By Stuart Rothenberg
Shrinkage, though not the type that threw George Costanza into a frenzy in one memorable “Seinfeld” episode, could be a significant factor in the races for the Democratic and Republican presidential nominations, with Sen. Hillary Rodham Clinton (D-N.Y.) and Rudy Giuliani (R) probably having the most to fear from it.
While we often portray campaigns as foot races, where each candidate’s “speed” (appeal) is measured against other contestants, the metaphor breaks down in presidential nominating contests. That’s because voters choose among the active candidates, and as the field thins, so do voters’ options.
When a candidate exits a race, his or her supporters often pick a new candidate to support (sometimes even in a different party), changing the dynamics of the next primary contests.
This dynamic could apply even in the first contest, Iowa. That’s because the Democratic caucuses involve an initial test vote of candidate preference in each local caucus, followed by a realigning by supporters of candidates who don’t meet a minimum threshold.
Since a number of Democratic hopefuls are likely to fall under the 15 percent threshold in individual caucuses, their supporters will have to make interesting decisions about whom to support when they realign. Will they try to “stop” Clinton? Or will personal decisions affect their actions?
If the Democratic contest primarily is a referendum on Clinton — and not all savvy observers buy into that characterization of the race — then she is by far the Democratic hopeful most vulnerable to quick shrinkage of the Democratic field.
According to that scenario, since the New York Senator has nearly complete name recognition and began the contest as the party establishment’s choice, anyone who isn’t for Clinton now probably is unlikely to back her as long as there are alternatives.
Moreover, since both Sen. Barack Obama (Ill.) and former Sen. John Edwards (N.C.) have been running as “change candidates,” and implicitly as alternatives to Clinton, the exit of one of them would largely benefit the other.
Obama and Edwards employ different rhetoric, but they have appeal to Democrats who have resisted the early Clinton bandwagon. If these “change” voters coalesce behind a single alternative, whether as early as New Hampshire or even in early February, it certainly could impact Clinton’s prospects.
And then there are the supporters of Sens. Joseph Biden (Del.) and Chris Dodd (Conn.). Backers of those two Senators apparently aren’t looking primarily for a “change” candidate and place a greater value on experience.
If and when those two veteran Senators drop out of the race (or fail to meet the threshold in individual Iowa caucuses), where will their supporters go? Are they more likely to line up behind Clinton rather than one of the “change” candidates, or do they, as one smart Democratic insider wondered aloud in a recent conversation, constitute the true anti-Hillary vote, since they picked two long-shot, establishment hopefuls over Clinton?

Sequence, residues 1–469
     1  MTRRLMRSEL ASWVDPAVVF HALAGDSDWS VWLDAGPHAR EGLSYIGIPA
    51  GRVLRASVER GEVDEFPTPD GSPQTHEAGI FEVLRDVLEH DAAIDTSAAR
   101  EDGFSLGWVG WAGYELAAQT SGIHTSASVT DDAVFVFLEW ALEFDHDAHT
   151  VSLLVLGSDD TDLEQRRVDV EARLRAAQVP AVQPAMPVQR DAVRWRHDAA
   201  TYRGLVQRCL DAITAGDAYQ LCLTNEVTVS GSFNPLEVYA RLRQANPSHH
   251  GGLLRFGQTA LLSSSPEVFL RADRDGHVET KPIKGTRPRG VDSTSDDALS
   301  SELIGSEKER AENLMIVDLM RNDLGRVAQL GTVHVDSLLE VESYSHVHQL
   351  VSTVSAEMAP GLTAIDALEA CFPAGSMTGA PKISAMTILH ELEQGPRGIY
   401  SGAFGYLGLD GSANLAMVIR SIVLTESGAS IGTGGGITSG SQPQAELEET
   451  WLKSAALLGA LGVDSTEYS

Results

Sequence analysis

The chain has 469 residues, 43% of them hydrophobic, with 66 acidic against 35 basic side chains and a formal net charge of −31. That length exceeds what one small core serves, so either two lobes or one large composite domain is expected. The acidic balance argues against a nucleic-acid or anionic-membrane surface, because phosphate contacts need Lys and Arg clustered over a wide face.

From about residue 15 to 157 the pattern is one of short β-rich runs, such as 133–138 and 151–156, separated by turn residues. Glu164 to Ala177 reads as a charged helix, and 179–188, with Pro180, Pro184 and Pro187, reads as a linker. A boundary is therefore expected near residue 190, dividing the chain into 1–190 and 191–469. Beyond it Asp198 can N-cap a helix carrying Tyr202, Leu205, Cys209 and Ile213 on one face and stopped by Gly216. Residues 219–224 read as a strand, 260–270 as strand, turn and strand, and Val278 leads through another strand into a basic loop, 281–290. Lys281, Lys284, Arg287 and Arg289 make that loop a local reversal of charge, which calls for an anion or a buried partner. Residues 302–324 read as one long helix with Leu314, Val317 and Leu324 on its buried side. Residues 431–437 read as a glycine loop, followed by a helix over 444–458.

Those observers who doubt that the Clinton referendum model accurately reflects the way Iowa and New Hampshire participants will make their decisions suggest that voters in both states will ultimately choose on the basis of qualifications and readiness for the job, which strongly favors Clinton.
“Some may have questions about her electability. Others may be tired of the Clintons. But I don’t think that [Democrats] have a real problem with her,” said one astute Democrat. “And when you get down to it, it’s old white women who are the Iowa caucuses attendees.”
To these observers, it doesn’t matter whether there are two or 10 “change” candidates in the Democratic contest. These observers view Iowa 2008 as merely a repeat of Iowa 2004, Iowa 2000 and Iowa 1984: a minority of Democrats look for authenticity and reform, while most caucus-goers ultimately look for someone who is ready to be president.
While differences between the top five or six Democrats primarily are stylistic, that’s not the case on the GOP side. And it’s the reason the makeup of the field at any particular point is likely to be absolutely crucial in the GOP race.
Giuliani clearly benefits from the large field. As the single most liberal candidate in his party’s field (at least on cultural issues from guns to abortion), the former New York mayor would be at a distinct disadvantage in a one-on-one contest against a conservative alternative.
While the party’s social conservative vote currently is fractured and Giuliani draws some conservative support, his vulnerability grows when Republican voters are faced with a stark conservative versus moderate choice, boosting the salience of ideology in the race and forcing social conservatives to confront the former mayor’s positions on hot-button issues.
Giuliani’s fundamental assumption appears to be that the early GOP contests will play out in a way that will leave the Republican field largely intact into late January and possibly even early February. If that happens, the conservative vote would continue to be divided and conservative candidates would end up spending much of their time jostling with each other, while Giuliani could finish first with a plurality in key, winner-take-all states.
If he is correct, he could end up as the de facto nominee before conservatives realize what has happened. That’s surely the ideal scenario for the former mayor.
This column first appeared in Roll Call on December 3, 2007. Copyright 2007 © Roll Call Inc. All rights reserved. Reprinted with permission.
Thursday, December 06, 2007
By Stuart Rothenberg